Grieving is simply allowing our locked emotional states to flow freely in our body. It is opening to and feeling what lies behind the tightly closed doors of the many rooms in our emotional home. Grief happens when we don’t feel. Grieving happens when we do. When the body is allowed to move as it is meant to, both emotionally and physically, we set ourselves free. We reclaim the right to be the raw, wild and free beings we are, and were as children.
In doing my ongoing inner work over the last 18 years, I have felt many emotions that I didn’t even know existed inside of me. I have cried, I have shook, sometimes on behalf of my immediate family, and sometimes on behalf of what felt like my ancestral lineage. I remember one day in particular when I realized, through the help of a counselor, how strong my father had to be given his challenging upbringing, and where he came from. A deep swell of sadness suddenly filled my chest, and I found my body bent over as I unexpectedly sobbed for the ages. I sobbed for myself, for my father, for those before him, and for the world. I grieved for all those who had to leave the presence of their inner child, the presence of life, behind them.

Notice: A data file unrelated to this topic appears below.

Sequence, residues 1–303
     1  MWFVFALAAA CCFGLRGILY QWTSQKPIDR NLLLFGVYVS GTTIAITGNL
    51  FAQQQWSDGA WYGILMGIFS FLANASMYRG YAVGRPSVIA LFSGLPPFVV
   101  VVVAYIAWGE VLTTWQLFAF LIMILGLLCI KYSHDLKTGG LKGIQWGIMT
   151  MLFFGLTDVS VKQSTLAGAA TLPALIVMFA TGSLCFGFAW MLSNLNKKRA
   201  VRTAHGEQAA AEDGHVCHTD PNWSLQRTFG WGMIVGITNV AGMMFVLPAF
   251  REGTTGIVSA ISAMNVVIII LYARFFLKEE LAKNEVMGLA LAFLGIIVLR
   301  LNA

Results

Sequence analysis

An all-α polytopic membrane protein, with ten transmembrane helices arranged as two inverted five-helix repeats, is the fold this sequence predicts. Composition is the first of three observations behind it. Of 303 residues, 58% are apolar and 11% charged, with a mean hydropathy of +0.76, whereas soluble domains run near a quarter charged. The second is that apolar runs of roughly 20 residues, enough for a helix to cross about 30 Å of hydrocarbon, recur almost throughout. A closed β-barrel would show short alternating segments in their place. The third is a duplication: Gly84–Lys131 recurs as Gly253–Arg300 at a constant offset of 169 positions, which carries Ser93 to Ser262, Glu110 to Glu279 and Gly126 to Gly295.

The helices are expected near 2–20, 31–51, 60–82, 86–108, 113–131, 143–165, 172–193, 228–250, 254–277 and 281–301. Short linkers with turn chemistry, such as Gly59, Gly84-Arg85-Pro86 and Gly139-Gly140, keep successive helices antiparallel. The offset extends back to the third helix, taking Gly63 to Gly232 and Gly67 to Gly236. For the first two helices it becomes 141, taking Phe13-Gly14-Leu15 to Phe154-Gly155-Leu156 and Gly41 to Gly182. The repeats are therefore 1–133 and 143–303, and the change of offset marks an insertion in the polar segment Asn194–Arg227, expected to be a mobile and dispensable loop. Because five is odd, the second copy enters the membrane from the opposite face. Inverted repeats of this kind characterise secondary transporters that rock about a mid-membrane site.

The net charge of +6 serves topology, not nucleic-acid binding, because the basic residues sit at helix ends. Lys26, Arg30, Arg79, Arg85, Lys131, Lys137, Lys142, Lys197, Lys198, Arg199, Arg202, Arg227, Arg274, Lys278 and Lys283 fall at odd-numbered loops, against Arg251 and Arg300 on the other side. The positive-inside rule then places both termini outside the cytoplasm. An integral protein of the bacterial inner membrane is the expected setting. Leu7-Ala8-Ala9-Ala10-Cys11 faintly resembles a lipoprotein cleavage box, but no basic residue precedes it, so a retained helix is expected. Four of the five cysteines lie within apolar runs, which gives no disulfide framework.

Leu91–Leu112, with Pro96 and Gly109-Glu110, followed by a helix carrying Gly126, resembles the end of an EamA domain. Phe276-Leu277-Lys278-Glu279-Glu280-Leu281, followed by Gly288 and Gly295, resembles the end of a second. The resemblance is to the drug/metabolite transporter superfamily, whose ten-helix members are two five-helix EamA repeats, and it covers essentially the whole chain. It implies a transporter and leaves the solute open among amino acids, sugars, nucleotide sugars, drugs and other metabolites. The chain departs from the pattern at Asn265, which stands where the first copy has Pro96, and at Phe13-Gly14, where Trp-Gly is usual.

Through empathizing with my pain, and unmet needs and desires, I have over time become empathic to others’ pain, needs and desires. Sensitivity, attunement, compassion and acceptance have increasingly imbued my thoughts, words and actions. The impulse to push myself, and others, down linear roads my father adamantly stood for, roads only the linear fearful mind can see, has lessoned. Instead, I have learned to let myself and others be; to trust my heart, and trust and support the heart-felt paths other people choose to take.
The fear adults have in leaving the linear path, and their determination to keep children on it, specifically through academia, is based in a lack of trust in their deeper Self; specifically, in their ability to safely feel, dream, play and live on the squiggly path, to be as they were when children. It is a manifestation of their unconscious compulsion to continue avoiding the grieving needed to create emotional fluidity and wellbeing.
It is natural to want to evade what is uncomfortable—to not feel “bad”. Many people fear that if they enter the dark waters of the emotional body they will drown. Again, this is only natural since most of us have not been taught to swim. But in avoiding our emotional body, we forget that we are already in despair; we are already drowning. It’s just that we cannot feel it. It’s become our norm. And it’s the norm of society.
This norm then spills over into our education system.